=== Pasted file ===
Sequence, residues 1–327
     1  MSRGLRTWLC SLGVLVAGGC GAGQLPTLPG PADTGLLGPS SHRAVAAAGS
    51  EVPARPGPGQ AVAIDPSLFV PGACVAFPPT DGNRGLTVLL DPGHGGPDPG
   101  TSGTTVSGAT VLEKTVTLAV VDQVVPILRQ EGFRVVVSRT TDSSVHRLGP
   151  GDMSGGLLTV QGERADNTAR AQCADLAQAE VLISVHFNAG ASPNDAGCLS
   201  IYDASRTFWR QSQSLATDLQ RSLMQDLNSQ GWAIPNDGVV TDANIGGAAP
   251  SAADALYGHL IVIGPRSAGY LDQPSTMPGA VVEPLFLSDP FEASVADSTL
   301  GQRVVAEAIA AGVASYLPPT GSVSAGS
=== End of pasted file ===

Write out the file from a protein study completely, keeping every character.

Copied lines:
Sequence, residues 1–327
     1  MSRGLRTWLC SLGVLVAGGC GAGQLPTLPG PADTGLLGPS SHRAVAAAGS
    51  EVPARPGPGQ AVAIDPSLFV PGACVAFPPT DGNRGLTVLL DPGHGGPDPG
   101  TSGTTVSGAT VLEKTVTLAV VDQVVPILRQ EGFRVVVSRT TDSSVHRLGP
   151  GDMSGGLLTV QGERADNTAR AQCADLAQAE VLISVHFNAG ASPNDAGCLS
   201  IYDASRTFWR QSQSLATDLQ RSLMQDLNSQ GWAIPNDGVV TDANIGGAAP
   251  SAADALYGHL IVIGPRSAGY LDQPSTMPGA VVEPLFLSDP FEASVADSTL
   301  GQRVVAEAIA AGVASYLPPT GSVSAGS